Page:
PP_Resource pp_url_loader) {return PP_FALSE;}

PP_EXPORT int32_t PPP_InitializeModule(PP_Module module_id,
                                       PPB_GetInterface get_browser_interface) {
  // Initializing pointers to used browser interfaces.
  g_messaging_interface = (const PPB_Messaging*) get_browser_interface(
                                                      PPB_MESSAGING_INTERFACE);
  g_var_interface = (const PPB_Var*) get_browser_interface(PPB_VAR_INTERFACE);
  return PP_OK;
}

PP_EXPORT void PPP_ShutdownModule() {}

void Messaging_HandleMessage(PP_Instance instance, struct PP_Var message) {
  char str_buff[] = "Hello World!\n";
 
  // Create PP_Var containing the message body.
  struct PP_Var var_response = g_var_interface->VarFromUtf8(str_buff, strlen(str_buff));

  // Post message to the Javascript layer.
  g_messaging_interface->PostMessage(instance, var_response);
}

PP_EXPORT const void* PPP_GetInterface(const char* interface_name) {

  if (strcmp(interface_name, PPP_INSTANCE_INTERFACE) == 0) {
    static PPP_Instance instance_interface = {
        &Instance_DidCreate,
        &Instance_DidDestroy,
        &Instance_DidChangeView,
        &Instance_DidChangeFocus,
        &Instance_HandleDocumentLoad
    };
    return &instance_interface;
  }
  if (strcmp(interface_name, PPP_MESSAGING_INTERFACE) == 0) {
    static PPP_Messaging messaging_interface = {
        &Messaging_HandleMessage
    };
    return &messaging_interface;
  }
  return NULL;
}

For further information regarding implementation of C based NaCl applications refer to Hello World in C article.

NaCl Application Code in C++

Every C++ NaCl application has to implement two basic classes and one entry function:

  • a pp::Module deriving class that represents a NaCl module.
  • a pp::Instance deriving class that represents a NaCl application instance.
  • a CreateModule() function responsible for the module creation.

Let’s name our classes HelloWorldModule and HelloWorldInstance respectively.

The first thing that needs to be done is the implementation of HelloWorldModule. It needs to derive from pp::Module and override only one method - CreateInstance(). This method should construct new HelloWorldInstance class and return a pointer to it. To define the entry point for module creation the CreateModule() function is implemented inside the namespace pp brackets. It returns a pointer to the newly created module object.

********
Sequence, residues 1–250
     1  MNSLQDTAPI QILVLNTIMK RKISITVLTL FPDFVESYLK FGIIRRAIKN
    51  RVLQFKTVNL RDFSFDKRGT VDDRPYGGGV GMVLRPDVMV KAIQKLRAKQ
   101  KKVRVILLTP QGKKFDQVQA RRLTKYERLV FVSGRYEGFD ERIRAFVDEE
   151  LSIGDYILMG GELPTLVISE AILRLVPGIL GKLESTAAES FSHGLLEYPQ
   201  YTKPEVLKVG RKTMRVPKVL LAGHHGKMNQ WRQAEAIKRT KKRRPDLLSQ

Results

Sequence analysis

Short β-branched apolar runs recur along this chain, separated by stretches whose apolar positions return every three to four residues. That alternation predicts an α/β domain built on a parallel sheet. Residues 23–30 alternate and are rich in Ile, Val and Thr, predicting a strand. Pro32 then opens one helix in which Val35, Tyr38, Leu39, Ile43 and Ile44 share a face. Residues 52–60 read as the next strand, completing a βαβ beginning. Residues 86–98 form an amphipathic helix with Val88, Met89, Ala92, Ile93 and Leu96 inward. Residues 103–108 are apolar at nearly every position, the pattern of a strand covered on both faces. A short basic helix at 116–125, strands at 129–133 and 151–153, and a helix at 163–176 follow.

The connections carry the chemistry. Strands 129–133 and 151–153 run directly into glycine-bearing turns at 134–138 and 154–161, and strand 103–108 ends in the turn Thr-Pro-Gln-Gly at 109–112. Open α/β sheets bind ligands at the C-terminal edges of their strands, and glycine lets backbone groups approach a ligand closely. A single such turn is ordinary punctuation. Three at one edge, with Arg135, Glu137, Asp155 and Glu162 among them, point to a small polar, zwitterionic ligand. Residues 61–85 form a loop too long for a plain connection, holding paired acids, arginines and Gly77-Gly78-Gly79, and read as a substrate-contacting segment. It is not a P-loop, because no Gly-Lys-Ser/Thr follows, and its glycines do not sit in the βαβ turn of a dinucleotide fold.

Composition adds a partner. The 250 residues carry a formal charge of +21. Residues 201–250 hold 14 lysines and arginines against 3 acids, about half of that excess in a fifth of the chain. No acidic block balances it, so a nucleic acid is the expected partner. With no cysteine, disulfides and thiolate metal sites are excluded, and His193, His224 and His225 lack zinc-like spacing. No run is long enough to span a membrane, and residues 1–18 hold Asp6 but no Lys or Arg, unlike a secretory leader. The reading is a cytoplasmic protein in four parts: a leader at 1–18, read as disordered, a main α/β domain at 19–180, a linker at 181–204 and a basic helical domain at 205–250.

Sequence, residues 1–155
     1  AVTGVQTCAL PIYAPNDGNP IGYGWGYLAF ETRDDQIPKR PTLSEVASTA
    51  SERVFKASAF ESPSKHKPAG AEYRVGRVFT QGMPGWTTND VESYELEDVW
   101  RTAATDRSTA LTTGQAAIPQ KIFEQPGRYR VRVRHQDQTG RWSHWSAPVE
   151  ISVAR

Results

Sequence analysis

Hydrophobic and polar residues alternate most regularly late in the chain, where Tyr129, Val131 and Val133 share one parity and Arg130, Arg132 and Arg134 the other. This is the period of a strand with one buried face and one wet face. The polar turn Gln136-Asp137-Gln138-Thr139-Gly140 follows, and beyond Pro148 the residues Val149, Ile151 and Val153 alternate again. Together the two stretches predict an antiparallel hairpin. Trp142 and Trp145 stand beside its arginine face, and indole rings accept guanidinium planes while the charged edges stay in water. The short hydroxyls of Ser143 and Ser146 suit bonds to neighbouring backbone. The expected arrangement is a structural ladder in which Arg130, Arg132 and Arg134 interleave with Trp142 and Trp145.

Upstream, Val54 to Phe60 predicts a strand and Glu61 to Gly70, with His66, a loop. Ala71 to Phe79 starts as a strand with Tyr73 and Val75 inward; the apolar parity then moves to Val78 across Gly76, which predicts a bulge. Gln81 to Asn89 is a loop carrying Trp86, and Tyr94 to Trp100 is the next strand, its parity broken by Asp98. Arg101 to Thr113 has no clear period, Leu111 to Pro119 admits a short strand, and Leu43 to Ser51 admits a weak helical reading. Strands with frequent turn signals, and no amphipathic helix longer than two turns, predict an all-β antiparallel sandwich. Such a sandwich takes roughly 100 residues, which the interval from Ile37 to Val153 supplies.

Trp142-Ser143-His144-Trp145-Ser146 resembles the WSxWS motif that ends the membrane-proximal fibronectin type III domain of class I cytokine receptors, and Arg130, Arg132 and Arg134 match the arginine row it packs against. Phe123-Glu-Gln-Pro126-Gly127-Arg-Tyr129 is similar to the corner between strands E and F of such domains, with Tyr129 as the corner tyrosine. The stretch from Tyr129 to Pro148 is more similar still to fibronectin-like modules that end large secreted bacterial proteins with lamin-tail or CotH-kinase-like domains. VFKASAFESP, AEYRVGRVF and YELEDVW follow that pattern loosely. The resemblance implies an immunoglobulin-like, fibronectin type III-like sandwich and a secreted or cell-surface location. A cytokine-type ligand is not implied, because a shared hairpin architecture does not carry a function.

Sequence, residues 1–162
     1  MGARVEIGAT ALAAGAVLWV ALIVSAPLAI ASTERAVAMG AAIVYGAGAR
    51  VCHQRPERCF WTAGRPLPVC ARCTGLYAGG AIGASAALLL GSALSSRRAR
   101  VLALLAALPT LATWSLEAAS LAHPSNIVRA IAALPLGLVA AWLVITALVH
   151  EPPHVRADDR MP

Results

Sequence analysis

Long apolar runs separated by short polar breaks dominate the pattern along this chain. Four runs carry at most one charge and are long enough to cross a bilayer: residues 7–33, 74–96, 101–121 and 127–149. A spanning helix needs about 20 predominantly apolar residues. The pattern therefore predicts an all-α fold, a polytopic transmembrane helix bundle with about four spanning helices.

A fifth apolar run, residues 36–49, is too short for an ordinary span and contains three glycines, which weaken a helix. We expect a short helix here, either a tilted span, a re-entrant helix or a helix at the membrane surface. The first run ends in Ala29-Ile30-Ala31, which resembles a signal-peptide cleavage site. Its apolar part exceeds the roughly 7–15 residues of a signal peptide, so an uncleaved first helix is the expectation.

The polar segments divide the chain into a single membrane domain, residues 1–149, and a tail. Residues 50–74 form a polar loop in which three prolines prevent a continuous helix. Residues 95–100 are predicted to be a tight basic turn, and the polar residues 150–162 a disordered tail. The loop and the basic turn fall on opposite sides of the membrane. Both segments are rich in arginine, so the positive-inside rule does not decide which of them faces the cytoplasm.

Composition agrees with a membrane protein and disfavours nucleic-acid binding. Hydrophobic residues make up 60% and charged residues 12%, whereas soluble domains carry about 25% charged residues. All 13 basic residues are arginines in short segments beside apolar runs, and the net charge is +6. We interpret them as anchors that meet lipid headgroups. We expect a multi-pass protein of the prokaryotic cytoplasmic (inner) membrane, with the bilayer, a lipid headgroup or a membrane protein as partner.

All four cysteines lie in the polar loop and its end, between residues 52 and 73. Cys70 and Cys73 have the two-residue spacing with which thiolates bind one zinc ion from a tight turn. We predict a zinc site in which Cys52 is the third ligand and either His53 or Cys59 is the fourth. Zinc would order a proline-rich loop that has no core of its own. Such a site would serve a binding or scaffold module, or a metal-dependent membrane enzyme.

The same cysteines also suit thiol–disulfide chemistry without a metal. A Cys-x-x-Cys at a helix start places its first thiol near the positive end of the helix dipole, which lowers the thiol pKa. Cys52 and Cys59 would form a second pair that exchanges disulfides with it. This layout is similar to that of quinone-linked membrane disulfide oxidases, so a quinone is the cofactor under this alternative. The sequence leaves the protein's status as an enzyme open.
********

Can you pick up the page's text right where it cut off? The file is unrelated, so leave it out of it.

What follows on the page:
This part of the application is identical (with exception to the module class name) in every C++ NaCl plugin.

#include "ppapi/cpp/module.h"

class HelloWorldModule : public pp::Module {
 public:
  virtual pp::Instance* CreateInstance(PP_Instance instance) {
    return new HelloWorldInstance(instance);
  }
};

namespace pp {

Module* CreateModule() {
  return new HelloWorldModule();
}

}  // namespace pp

The next step is the implementation of the HelloWorldInstance class. It must derive from pp::Instance and define an explicit constructor from PP_Instance which must call base the class constructor with the same argument. Additionally pp::Instance provides many virtual methods which can be overriden by HelloWorldInstance like:

  • Init() - called with arguments provided in Javascript immediately after the instance object is constructed.
  • DidChangeView() - called on the instance viewport change (e.g. resize).
  • DidChangeFocus() - called when the instance gains/loses focus.
  • HandleInputEvent() - called when an input event from the web page is received.
  • HandleMessage() - called when a message from the web page is received.

In our demo we only need to override HandleMessage() method. The mechanism of sending back a message is provided by a PostMessage() method. The code looks as follows:

#include "ppapi/cpp/instance.h"
#include "ppapi/cpp/var.h"

class HelloWorldInstance : public pp::Instance {
 public:
  explicit HelloWorldInstance(PP_Instance instance)
      : pp::Instance(instance) {}

  void HandleMessage(const pp::Var& message) override {
    if (message.is_string()) {
      PostMessage("Hello World\n");
    }
  }
};

For further information regarding the implementation of C++ based NaCl applications refer to: Hello World in C++.

Compilation and Execution

The whole process of compilation and execution of nacl widgets is automated by the NaCl TizenTV SDK. If you really want to do it yourself read the section below. Keep in mind that this method will work only for Google Chrome web browser.

Manual Compilation

Below a sample makefile file is attached that will compile above applications (when compiling C code please remove ppapi_cpp from $(LIBS)) and also generate proper manifest. You would also need to set environmental variable NACL_SDK_ROOT to the desired pepper folder from the toolchain and then call make command.

makefile download

Execution

Execution via NaCl IDE is handled automatically both for Google Chrome and TizenTV emulator.

In order to manually execute NaCl application on Google Chrome you need to place all widget files (*.nexe, *.nmf, *.html, *.js) under folder managed by webserver of your choice and then enter the address of your webserver to the Google Chrome web browser. Soon you should see your application running.

Note

It’s suggested to enable the developer tools in Chrome and disable cache in order to be sure that no errors are thrown and that the newest build is executed.